Materials and methods Patient enrolment For the present study, patients who admitted to institutional neurology or pulmonology departments and who were diagnosed as OSAS after clinical and polysomnographic assessment were prospectively enrolled after screening procedures. Patients who were under 18 years old—those who had previously been diagnosed as OSAS and had received treatment, those with known chronic lung disorders including chronic obstructive pulmonary disorder and interstitial lung diseases, those with known diagnosis of pulmonary hypertension, those with known history of congestive heart failure (including those with heart failure with preserved ejection fraction), all types of cardiomyopathies, those with known pericardial diseases, previous myocardial infarction, a history of revascularization or presence of critical coronary stenosis in at least one major coronary artery, congenital heart diseases that could induce pulmonary hypertension (PH), more than mild valvular regurgitation or aortic stenosis, any mitral, pulmonary, or tricuspid stenosis, renal or liver failure, and patients using medications that are known to affect pulmonary circulation—were

excluded. Control group was formed from age- and gendermatched healthy individuals without a history of cardiac or pulmonary diseases including OSAS. To exclude any de novo cardiac or pulmonary conditions, a screening phase was used prior to enrolment (detailed below). Subjects with systemic conditions, such as hypertension or diabetes, were not excluded unless they had other criteria for exclusion. To avoid any confounders that could arise from altitude-related factors, the following additional entry criteria were applied to both patients and controls: (i) all subjects were required to be born at the study location (Kars, 1,768 m above sea level), (ii) none of the subjects should have lived at sea level or at a higher altitude for a prolonged period of time (6 months or more), and (iii) no trips to a different altitude should be made within 6 months. Screening procedures for OSAS patients and healthy controls included a complete physical examination by a cardiologist (KÖ), pulmonary diseases specialist (CD), and a neurologist (SÖ), and the subjects were referred to additional tests if a different diagnosis was suspected. Specifically, all healthy volunteers were referred to polysomnographic analysis if one or more of the cardinal features of OSAS were recognized by one of these physicians: loud snoring and snorts during sleep, abnormal respiratory patterns during sleep (apnea, hypopnea, and arousals related to respiratory efforts) which could be selfreported or reported by a family member, and signs/symptoms related to disturbed sleep (sleepiness, poor concentration, narcolepsy, snoring, resuscitative snorts). Volunteers with an abnormal polysomnographic test were excluded from the study. A screening two-dimensional echocardiographic examination was performed by a cardiologist experienced in echocardiography (TSG) to all subjects prior to enrolment. Subjects with an ejection fraction less than 55 % as measured with biplane Simpson’s method, more than grade I diastolic dysfunction (mitral E/averaged E′ ratio of more than 13 or a mitral E/A ratio>1 with additional evidence for grade II or more diastolic dysfunction, or unexplained severe left atrial dilatation defined as a left atrial volume index>40 ml/m2), valve diseases fulfilling exclusion criteria (as defined before), left ventricular septal and/or posterior wall thickness≥1.5 cm, and those with congenital heart disease discovered during screening echocardiography were excluded at this stage. In addition, subjects with insufficient image quality for two- or three-dimensional echocardiographic image acquisition were excluded. During physical examination, demographic and anthropometric information, as well as past medical history, were recorded. Body mass index (BMI) was calculated by dividing weight of the subject to the square of subject’s height. Body surface area (BSA) was calculated according to Mosteller’s formula. After screening, a total of 41 OSAS patients and 26 healthy controls were included in this present study (Fig. 1). Prior to enrolment in the study, all subjects were informed about the procedures and a written informed consent statement was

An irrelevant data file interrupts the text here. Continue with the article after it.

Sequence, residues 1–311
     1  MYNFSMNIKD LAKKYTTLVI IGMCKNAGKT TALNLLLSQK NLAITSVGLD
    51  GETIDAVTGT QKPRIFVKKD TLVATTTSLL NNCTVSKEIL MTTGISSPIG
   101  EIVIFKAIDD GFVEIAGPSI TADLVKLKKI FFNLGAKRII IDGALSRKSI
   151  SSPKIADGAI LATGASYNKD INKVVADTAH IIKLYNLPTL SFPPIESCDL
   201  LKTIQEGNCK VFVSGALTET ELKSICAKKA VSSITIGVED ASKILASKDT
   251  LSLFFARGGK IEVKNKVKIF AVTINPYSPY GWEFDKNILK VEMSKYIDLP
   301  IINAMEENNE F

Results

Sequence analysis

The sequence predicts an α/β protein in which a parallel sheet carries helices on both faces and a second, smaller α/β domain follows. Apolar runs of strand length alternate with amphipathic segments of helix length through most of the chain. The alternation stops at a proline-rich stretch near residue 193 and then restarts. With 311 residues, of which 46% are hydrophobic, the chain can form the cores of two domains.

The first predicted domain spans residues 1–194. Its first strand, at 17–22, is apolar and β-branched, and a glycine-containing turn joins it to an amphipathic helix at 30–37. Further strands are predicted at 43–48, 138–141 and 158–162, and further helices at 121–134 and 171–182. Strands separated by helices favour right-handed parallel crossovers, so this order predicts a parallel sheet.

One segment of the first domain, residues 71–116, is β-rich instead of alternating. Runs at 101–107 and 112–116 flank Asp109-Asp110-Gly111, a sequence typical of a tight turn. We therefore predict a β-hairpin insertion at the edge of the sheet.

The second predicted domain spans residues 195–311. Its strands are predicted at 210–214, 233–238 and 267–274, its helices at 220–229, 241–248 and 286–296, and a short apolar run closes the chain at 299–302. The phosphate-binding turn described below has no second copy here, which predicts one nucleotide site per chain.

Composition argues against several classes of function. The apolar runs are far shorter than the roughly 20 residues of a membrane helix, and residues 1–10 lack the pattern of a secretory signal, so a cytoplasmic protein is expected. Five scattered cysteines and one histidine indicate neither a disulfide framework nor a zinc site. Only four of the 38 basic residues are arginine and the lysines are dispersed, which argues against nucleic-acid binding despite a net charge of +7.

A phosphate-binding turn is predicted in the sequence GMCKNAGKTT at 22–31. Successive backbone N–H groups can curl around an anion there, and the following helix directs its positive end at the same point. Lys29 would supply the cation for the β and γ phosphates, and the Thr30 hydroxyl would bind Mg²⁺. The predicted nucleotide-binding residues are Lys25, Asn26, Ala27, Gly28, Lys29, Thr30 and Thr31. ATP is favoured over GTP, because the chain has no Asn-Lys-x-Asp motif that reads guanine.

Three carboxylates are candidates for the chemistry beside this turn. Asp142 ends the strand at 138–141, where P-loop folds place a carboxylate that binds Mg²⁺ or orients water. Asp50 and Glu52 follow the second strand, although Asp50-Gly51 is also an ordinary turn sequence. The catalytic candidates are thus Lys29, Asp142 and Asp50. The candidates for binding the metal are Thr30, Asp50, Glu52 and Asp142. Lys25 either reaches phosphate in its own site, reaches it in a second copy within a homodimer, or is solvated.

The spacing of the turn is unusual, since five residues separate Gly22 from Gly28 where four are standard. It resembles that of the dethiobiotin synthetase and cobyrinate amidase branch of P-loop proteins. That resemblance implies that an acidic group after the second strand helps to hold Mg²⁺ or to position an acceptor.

Sleep Breath Fig. 1 The flow diagram of the study, showing screening procedures and the total number of subjects included/excluded at each stage. A full list of inclusion/ exclusion criteria can be found in the text. Dx diagnosis, OSAS obstructive sleep apnea syndrome, PH pulmonary hypertension

Preliminary Evaluation - 60 consecutive OSAS patients diagnosed with polysomnography - 30 healthy volunteers

Remaining Screening Phase

- 52 OSAS patients

- Evaluation by pulmonary diseases specialist, cardiologist, neurologist

-28 healthy volunteers

Inclusion/Exclusion Criteria + >18 y, Dx of OSAS, living at high altitude -Significant left-sided heart pathology, significant valvopathy, other diseases that may cause PH, rhythm other than sinus

- Screening echocardiography - Additional tests if needed

Study Population - 41 OSAS patients - 26 healthy volunteers

- Acquisition of two- and threedimensional echocardiograms and offline interpretation - Statistical analysis and calculation of observer variability

End of Study